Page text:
Tuesday, March 12, 2013

Today is Girl Scouts Day. On March 12, 1912 Juliette Gordon Low started the first Girl Scout group in Savannah, Georgia with 18 girls. The Girls Scouts became a national organization, and was was chartered by the U.S. Congress on March 16, 1950. Today, there are millions of girls involved with Girl Scouts.

Today is also Plant a Flower Day. Celebrate today by planting or transplanting any kind of plant. It can be done indoors, or weather permitting, outdoors.

March twelfth is the second Tuesday of March which makes it Organize Your Home Office Day.

World Day Against Cyber Censorship was first observed on March 12, 2008 at the request of Reporters Without Borders and Amnesty International. A letter written by Jean-Francois Julliard, Secretary-General of Reporters Without Borders, and Larry Cox, Executive Director of Amnesty International, was sent to the Chief Executive Officers of Google, Yahoo!, Inc., and Microsoft Corporation to request observation of the day.

Some of the writer’s born March 12th include:

John Aubrey (1626), Richard Steele (1672), William Lyon Mackenzie (1795), Mahendranath Gupta (1854), József Konkolics (1861), Gabriele D’Annunzio (1863), Þórbergur Þórðarson (1889), Evert Taube (1890), Irving Layton (1912), Millard Kaufman (1917), Jack Kerouac (1922), Harry Harrison (1925), Edward Albee (1928), Win Tin (1929), Lew DeWitt (1938), M. A. Numminen (1940), James Taylor (1948), Rob Cohen (1949), Wheeler Winston Dixon (1950), Naomi Shihab Nye (1952), Randy Stonehill (1952), Carl Hiaasen (1953), Steve Levy (1965), Massimiliano Frezzato (1967), Jake Tapper (1969), Dave Eggers (1970), Stromae (1985), and Christina Grimmie (1994).

George Walter Mason was born on March 12, 1891. He was an American industrialist. During his career he served as Chairman and CEO of the Kelvinator Corporation, Chairman and CEO of the Nash-Kelvinator Corporation, and Chairman and CEO of American Motors Corporation. He passed away in 1954.

Robert Ludlum was an American author of 27 thriller novels who passed away on twelve years ago today. The number of his books in print is estimated between 290 million and 500 million copies. They have been published in 33 languages and 40 countries. Ludlum also published books under the pseudonyms Jonathan Ryder and Michael Shepherd. Prior to becoming an author, he had been a United States Marine, theatrical actor and producer. Many of Ludlum’s novels have been made into films and mini-series, including The Osterman Weekend, The Holcroft Covenant, The Apocalypse Watch, The Bourne Identity, The Bourne Supremacy and The Bourne Ultimatum. Covert One: The Hades Factor, a book co-written with Gayle Lynds, was originally conceived as a mini-series; the book evolved from a short treatment Ludlum wrote for NBC. The Bourne movies, starring Matt Damon in the title role, have been commercially and critically successful (The Bourne Ultimatum won three Academy Awards in 2008), although the story lines depart significantly from the source material. Ludlum died on March 12, 2001, at his home in Naples, Florida, whilst recovering from severe burns caused by a mysterious fire which occurred on February 10.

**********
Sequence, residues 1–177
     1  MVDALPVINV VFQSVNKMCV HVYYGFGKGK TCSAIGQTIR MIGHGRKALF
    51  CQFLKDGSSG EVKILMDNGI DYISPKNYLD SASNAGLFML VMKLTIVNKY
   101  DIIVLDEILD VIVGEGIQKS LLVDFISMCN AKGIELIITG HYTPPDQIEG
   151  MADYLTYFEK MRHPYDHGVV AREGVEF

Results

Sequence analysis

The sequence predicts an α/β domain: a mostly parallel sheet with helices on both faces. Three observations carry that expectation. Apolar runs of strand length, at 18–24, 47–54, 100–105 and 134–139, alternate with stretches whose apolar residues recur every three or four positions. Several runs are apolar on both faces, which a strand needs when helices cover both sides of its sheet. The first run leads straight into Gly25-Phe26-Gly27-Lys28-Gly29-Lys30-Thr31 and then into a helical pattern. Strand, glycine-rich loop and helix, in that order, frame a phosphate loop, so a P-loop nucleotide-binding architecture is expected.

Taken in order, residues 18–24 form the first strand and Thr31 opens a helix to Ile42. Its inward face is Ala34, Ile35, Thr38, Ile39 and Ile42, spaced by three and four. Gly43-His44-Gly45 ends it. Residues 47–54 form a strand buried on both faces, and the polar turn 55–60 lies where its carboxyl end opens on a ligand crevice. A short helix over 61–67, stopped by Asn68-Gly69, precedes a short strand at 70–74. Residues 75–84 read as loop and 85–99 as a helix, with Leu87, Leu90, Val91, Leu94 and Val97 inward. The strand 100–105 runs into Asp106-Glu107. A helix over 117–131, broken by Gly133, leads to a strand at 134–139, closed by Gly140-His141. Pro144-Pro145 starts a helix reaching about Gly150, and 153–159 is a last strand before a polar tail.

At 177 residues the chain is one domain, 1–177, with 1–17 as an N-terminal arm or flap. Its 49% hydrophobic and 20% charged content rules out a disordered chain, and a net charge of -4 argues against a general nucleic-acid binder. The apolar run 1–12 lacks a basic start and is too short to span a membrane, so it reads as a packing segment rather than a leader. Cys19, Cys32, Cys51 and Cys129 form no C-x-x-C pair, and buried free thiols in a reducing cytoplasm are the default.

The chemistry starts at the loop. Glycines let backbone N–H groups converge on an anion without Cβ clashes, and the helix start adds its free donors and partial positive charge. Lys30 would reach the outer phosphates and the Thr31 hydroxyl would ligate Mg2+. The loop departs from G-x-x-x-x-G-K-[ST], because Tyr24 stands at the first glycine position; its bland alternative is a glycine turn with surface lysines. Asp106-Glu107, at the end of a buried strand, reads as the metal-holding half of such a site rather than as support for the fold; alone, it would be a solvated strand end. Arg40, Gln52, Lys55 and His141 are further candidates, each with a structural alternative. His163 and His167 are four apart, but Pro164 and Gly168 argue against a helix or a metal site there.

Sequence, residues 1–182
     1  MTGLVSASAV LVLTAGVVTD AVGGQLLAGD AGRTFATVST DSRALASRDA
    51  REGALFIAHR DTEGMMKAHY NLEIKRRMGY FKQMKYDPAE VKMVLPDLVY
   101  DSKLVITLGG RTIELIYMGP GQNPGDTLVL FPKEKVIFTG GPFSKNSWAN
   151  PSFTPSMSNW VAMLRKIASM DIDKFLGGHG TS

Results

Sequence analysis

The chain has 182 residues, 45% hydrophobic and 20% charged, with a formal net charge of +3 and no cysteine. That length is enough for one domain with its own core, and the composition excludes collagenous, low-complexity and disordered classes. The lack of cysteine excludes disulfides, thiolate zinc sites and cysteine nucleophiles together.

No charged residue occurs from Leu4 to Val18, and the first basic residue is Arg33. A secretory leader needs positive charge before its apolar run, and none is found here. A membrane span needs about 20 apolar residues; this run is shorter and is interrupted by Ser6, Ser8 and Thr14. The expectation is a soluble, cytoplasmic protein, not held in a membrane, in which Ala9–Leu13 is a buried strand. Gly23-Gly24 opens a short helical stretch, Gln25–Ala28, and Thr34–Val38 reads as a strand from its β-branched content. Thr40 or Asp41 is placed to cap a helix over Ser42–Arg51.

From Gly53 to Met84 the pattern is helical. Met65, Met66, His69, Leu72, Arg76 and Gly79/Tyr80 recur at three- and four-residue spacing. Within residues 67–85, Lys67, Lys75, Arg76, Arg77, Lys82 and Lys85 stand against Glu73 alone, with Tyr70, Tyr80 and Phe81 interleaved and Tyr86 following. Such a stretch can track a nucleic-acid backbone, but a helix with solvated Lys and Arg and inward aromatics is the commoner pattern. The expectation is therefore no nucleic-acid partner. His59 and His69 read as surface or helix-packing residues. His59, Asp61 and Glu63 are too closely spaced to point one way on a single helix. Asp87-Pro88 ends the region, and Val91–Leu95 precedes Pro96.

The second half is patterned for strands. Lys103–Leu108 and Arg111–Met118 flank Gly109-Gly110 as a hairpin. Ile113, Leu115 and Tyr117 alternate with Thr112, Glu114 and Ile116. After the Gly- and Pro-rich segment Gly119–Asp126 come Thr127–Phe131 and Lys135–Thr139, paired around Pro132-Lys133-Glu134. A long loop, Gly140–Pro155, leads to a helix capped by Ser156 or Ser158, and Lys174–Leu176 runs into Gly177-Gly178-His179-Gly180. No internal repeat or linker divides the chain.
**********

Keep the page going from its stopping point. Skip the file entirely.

Today is also the anniversary of the passing of Howard Fast. Howard Melvin Fast (November 11, 1914 – March 12, 2003) was an American novelist and television writer. Fast also wrote under the pen names E. V. Cunningham and Walter Ericson. Howard began writing at an early age. While hitchhiking and riding railroads around the country to find odd jobs, he wrote his first novel, Two Valleys, published in 1933 when he was 18. His first popular work was Citizen Tom Paine, a fictional account of the life of Thomas Paine. Always interested in American history, he also wrote The Last Frontier, about an attempt by Cheyennes to return to their native land; and Freedom Road, about the lives of former slaves during Reconstruction. Fast’s son Jonathan Fast, himself a novelist, was married to novelist Erica Jong; their daughter is the novelist Molly Jong-Fast. Fast’s brother was writer Julius Fast.

Coca-Cola was bottled and sold for the first time in Vicksburg, Mississippi, by local soda fountain operator Joseph Biedenharn on March 12, 1894.

The Girl Guides (later renamed the Girl Scouts of the USA) were founded in the United States on March 12, 1912.

Today is Canberra Day. A hundred years ago today the future capital of Australia was officially named Canberra. Melbourne remained temporary capital until 1927 while the new capital was still under construction.

Moscow became the capital of Russia again on this day in 1918 after Saint Petersburg held this status for 215 years.

Armenia, Georgia and Azerbaijan formed The Transcaucasian Socialist Federative Soviet Republic on March 12, 1922.

In California on March 12, 1928, the St. Francis Dam failed. The St. Francis Dam was a curved concrete gravity ram, built to create a large regulating and storage reservoir as part of the Los Angeles Aqueduct. It was located in San Francisquito Canyon, about 40 miles northwest of Los Angeles, California, approximately 10 miles north of the city of Santa Clarita. The name “St. Francis” is an anglicized version of the name of the canyon.The dam was designed and built between 1924 and 1926 by the Los Angeles Department of Water and Power, then named the Bureau of Water Works and Supply. At two and a half minutes before midnight on March 12, 1928 the dam failed catastrophically and the resulting flood killed up to 600 people. The collapse of the St. Francis Dam is considered to be one of the worst American civil engineering failures of the 20th century and remains the second-greatest loss of life in California’s history, after the 1906 San Francisco Earthquake and fire.